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Expounding on this question, if one shoots someone, does the lawfulness of that other person's actions preclude a self-defense argument? Suppose Alice is a cop in a shootout with Bob. Chuck is behind Bob. Chuck reasonably believes that if Alice continues shooting at Bob, it is very likely that one of the bullets will hit him and kill him. Chuck therefore shoots Alice. Chuck was not in any way affiliated with Bob and did not commit any illegal act before shooting Alice. Can Chuck claim self-defense?

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  • Self-defense is a positive defense. If you get charged with murder/manslaughter, you may claim that it was self-defense, and if you prove it then you are acquited of the charges. As such, it can never be applied against somebody (not even the one who received the shots), it is something that may protect an accused.
    – SJuan76
    Apr 21 at 1:05
  • I think you need to make it a bit clearer that you are asking about killing a police officer because you fear a stray bullet hitting you, not because you believe the police officer is breaking the law - if that is what your question is. Apr 21 at 3:41

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Colorado Revised Statutes Title 18. Criminal Code

§ 18-1-704. Use of physical force in defense of a person

(1) Except as provided in subsections (2) and (3) of this section, a person is justified in using physical force upon another person in order to defend himself or a third person from what he reasonably believes to be the use or imminent use of unlawful physical force by that other person, and he may use a degree of force which he reasonably believes to be necessary for that purpose.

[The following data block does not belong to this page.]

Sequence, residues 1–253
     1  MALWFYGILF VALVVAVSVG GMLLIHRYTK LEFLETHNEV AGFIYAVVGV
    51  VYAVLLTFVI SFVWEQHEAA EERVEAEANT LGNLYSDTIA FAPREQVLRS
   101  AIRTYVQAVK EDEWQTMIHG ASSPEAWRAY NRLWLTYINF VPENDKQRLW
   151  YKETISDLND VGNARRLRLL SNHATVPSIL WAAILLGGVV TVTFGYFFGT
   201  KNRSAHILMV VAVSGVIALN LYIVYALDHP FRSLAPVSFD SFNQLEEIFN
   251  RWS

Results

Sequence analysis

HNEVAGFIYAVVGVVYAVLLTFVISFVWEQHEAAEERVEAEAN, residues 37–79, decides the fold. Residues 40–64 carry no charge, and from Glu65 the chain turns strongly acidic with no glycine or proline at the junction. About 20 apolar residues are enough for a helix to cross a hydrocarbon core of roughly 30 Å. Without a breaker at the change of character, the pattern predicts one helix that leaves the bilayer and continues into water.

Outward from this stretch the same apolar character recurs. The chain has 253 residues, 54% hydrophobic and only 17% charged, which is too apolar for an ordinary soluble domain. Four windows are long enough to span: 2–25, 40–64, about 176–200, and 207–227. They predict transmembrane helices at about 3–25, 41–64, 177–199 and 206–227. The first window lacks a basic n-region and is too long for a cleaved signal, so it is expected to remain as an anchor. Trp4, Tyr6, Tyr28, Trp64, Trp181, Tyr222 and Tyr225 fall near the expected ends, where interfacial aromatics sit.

Emphasis mine.

You are only able to act in self-defence if you have a reasonable belief that the individual is acting unlawfully.

In the scenario you present, you say that Charlie is concerned not with the perceived unlawful actions, but actions that are perceived to be lawful, but put Charlies life at risk regardless. In that situation, the self-defence subsection above would not apply.

There is a more general concept of crime of necessity in Colorado law:

§ 18-1-702. Choice of evils

(1) Unless inconsistent with other provisions of sections 18-1-703 to 18-1-707, defining justifiable use of physical force, or with some other provision of law, conduct which would otherwise constitute an offense is justifiable and not criminal when it is necessary as an emergency measure to avoid an imminent public or private injury which is about to occur by reason of a situation occasioned or developed through no conduct of the actor, and which is of sufficient gravity that, according to ordinary standards of intelligence and morality, the desirability and urgency of avoiding the injury clearly outweigh the desirability of avoiding the injury sought to be prevented by the statute defining the offense in issue.

Emphasis mine.

This subsections does make conditionally legal to use force against people who you do not have a reasonable belief are acting unlawfully.

It's important to note that if this were to go to court, a prosecutor would almost certainly seek to prove that § 18-1-702 is inconsistent with § 18-1-704, given the restrictions present in § 18-1-704. The defence would argue that that subsection deals specifically with those that are acting unlawfully, without placing restrictions on § 18-1-702 in other situations.